Once captured by Taliban, journalist says Canada's resettlement promise is doomed
Former Afghan journalist faces obstacles trying to bring people to Canada
Qais Azimy struggles to sleep, managing two or three hours at a time, watching the Taliban sweep over a country he once called home.
"I'm worried about the people who are stuck in the country," he said. "I know what's gonna happen to them. I went through that a couple of times in life."
Azimy is no stranger to the Taliban, having come face-to-face with its fighters more than once. The Ottawa resident now wants to bring three families and 15 journalists to Canada, but he faces obstacles.
"I was in Kabul when [the] Taliban first came in 1996. So the fact that I'm very useless, I [can] not do much, despite [being] in a country like Canada. It's very frustrating," he said.
While he often worked for larger Western media outlets, starting as an interpreter, Azimy eventually became a senior producer with Al Jazeera English in Afghanistan.
Although some journalists would report on the Taliban and its victims from a distance, Azimy was known for taking risks and travelling into Taliban territory.
He said he felt a duty to inform others about what was really happening in their country, and be the voice of the voiceless.
"Being a journalist, you have to take risks in a country like Afghanistan, otherwise you will not reach the truth."
In 2007, Azimy and three others found themselves kidnapped by the Taliban as they travelled through the Helmand province, believing they had clearance to do so.
At the time, the journalist believed death was certain.
"Every few minutes, a soldier would come and give us a message. And that message [was] that we will be beheaded in 36 hours, 40 hours."
'Frontline of danger'
As proof, Taliban fighters would show the four captives videos of other beheadings, he said.
He's still not sure what prompted the Taliban to release them, but now Azimy hopes to save others from the danger the Taliban poses.
He's focusing his efforts on three families, journalists and other friends.
"I believe they are a priority because they are in the first frontline of danger," Azimy said. "Because of their previous job, their previous act, and their relationship with the previous government and with [the]Taliban."
While CBC News has agreed to withhold the names of those Azimy is trying to bring overseas, the Ottawan said one is a former senior official in the Afghan forces who was eventually promoted to overseeing part of Kabul that hosted embassies, including Canada's.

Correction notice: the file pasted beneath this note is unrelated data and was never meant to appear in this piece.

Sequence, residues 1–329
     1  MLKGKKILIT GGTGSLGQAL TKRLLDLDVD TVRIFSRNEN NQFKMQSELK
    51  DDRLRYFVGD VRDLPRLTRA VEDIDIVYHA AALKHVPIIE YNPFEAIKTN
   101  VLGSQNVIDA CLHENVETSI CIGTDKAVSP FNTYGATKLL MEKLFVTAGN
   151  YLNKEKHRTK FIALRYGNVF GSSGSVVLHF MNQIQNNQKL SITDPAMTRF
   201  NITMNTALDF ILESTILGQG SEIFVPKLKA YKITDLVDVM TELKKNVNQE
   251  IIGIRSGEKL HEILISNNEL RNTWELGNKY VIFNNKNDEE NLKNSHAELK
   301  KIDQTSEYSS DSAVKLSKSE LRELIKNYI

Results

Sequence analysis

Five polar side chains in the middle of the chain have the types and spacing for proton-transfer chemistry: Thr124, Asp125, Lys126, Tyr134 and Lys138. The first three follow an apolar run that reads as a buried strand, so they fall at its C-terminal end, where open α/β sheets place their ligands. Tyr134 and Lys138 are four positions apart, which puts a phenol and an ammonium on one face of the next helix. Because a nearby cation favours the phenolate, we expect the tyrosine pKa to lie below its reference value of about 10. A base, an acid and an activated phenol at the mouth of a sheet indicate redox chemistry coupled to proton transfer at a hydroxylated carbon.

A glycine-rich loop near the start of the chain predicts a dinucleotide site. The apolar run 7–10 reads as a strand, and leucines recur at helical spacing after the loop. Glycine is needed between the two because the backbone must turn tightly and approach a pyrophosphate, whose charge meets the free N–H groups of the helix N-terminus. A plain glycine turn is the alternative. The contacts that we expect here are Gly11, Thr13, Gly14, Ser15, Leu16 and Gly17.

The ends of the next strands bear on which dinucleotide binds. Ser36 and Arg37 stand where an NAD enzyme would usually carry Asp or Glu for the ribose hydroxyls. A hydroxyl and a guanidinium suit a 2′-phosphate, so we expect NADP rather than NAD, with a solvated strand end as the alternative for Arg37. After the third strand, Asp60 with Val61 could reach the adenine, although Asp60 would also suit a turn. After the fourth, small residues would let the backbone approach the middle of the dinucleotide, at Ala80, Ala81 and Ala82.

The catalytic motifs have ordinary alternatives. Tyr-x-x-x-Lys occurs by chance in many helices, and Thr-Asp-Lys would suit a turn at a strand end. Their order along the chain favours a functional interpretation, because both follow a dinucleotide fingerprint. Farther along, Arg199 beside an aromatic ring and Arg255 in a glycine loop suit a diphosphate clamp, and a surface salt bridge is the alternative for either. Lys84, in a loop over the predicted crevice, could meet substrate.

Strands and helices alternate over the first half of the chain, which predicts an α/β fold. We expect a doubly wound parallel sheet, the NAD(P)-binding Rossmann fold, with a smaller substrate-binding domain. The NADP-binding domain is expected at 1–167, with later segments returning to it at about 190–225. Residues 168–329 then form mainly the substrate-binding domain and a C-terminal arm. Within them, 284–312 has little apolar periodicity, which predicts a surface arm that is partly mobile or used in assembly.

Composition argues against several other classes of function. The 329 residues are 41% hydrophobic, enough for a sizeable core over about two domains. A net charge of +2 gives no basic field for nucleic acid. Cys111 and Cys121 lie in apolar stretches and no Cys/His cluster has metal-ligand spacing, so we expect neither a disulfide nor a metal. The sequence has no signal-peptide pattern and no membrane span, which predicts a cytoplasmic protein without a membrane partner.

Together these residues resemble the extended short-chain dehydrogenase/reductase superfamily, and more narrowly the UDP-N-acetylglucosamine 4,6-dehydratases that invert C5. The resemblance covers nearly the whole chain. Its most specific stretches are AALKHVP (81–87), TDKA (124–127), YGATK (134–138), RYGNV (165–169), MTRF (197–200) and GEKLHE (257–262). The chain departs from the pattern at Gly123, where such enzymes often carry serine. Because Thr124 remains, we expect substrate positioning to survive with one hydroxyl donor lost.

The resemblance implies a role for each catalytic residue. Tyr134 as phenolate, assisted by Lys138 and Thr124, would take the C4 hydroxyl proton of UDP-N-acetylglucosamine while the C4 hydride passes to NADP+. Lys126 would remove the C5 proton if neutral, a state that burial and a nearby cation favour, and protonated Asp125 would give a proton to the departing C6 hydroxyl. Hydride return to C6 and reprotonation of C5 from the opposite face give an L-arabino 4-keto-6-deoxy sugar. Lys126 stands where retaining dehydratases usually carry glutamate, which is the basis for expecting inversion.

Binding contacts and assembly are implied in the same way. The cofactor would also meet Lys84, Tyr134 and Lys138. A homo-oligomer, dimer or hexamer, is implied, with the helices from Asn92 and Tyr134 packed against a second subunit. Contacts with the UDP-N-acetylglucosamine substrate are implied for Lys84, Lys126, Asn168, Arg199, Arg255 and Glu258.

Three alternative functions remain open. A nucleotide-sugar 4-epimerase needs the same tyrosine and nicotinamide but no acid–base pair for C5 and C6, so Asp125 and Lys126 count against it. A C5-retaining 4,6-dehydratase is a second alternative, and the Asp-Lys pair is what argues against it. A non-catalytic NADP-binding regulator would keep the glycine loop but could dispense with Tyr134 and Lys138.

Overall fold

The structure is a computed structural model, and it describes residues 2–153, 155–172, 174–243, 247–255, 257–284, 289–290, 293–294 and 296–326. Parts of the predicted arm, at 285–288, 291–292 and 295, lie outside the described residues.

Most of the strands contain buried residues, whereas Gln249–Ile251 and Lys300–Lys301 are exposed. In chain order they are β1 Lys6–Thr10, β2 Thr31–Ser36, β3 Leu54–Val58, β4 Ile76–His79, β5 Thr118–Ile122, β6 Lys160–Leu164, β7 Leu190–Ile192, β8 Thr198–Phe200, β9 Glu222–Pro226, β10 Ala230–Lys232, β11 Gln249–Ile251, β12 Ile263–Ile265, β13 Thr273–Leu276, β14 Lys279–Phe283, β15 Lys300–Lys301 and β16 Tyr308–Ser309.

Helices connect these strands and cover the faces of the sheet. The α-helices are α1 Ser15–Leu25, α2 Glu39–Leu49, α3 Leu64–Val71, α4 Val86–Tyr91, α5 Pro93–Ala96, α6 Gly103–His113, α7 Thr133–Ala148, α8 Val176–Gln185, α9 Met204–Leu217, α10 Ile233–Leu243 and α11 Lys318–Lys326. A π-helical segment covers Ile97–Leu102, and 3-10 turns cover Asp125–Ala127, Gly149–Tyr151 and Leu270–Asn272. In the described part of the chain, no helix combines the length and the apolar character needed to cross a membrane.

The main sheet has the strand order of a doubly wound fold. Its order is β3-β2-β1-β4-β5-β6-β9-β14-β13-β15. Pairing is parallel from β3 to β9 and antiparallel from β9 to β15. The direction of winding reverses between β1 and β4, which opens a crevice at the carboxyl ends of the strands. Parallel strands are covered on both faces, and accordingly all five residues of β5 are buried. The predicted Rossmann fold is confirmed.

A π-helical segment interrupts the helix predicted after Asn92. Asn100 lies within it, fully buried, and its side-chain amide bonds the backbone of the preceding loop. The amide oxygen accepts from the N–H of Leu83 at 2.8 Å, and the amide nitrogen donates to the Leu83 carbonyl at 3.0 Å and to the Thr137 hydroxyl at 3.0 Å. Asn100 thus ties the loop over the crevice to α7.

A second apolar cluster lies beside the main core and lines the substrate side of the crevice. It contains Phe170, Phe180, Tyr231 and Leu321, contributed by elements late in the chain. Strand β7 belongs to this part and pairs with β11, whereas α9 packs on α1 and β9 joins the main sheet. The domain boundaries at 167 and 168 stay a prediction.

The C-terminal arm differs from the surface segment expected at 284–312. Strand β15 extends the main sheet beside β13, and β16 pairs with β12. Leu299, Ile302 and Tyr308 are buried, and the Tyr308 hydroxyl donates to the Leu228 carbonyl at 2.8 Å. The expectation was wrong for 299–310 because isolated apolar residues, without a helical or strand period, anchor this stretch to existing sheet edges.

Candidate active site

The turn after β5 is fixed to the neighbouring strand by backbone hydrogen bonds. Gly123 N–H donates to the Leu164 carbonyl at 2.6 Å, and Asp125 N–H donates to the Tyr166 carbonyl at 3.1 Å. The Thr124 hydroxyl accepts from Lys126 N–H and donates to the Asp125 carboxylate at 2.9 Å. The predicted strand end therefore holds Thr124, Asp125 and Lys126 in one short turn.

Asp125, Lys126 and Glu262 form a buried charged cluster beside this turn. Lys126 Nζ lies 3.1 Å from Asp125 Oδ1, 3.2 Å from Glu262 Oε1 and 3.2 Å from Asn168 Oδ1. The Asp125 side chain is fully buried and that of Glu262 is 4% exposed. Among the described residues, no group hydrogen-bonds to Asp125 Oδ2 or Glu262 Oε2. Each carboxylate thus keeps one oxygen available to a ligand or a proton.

"The Taliban are looking for him. ... There's a serious search for him," Azimy said.
"One of the reasons he thinks he's a target is his relation with Canadians was more than any other."
Canada's promise added to chaos
The federal government has announced plans to resettle 21,000 Afghans who contributed to Canada's efforts in Afghanistan, including former workers such as interpreters, as well as other vulnerable people.
But Canada shut down its embassy in Kabul and suspended diplomatic relations as the Taliban advanced on the capital. Azimy expressed frustration that he was unable to reach any Canadian officials, only receiving automatic emailed responses.
According to Immigration, Refugees and Citizenship Canada, processing applications is happening "in all parts of [its] network and so is not affected by the closing of the embassy."
On Thursday, Justin Trudeau said it would "be very, very difficult" to get as many people as Canada hopes out of the country.
"To get many people out, as many as we'd want, is going to be almost impossible," he said.
Azimy said Canada erred in announcing to resettle so many Afghans, which has only added to the chaos on the ground. The U.K. has matched the announcement, but this is an unrealistic goal without boots on the ground to process requests, he says.
"[Canada] made a mistake announcing the number they made, pulling out their diplomats from the country. And so they're insisting on those mistakes."
Canada needs to re-establish its presence within the country, said Azimy, who settled in Canada in 2017. He finds the current scenes in Kabul "heartbreaking" and "painful."
"I know the Taliban, they will not stand [by] their promise," he said. "You will see that the Afghan people would suffer the worst in human history, the current human history. And I know [the] Taliban are brutal."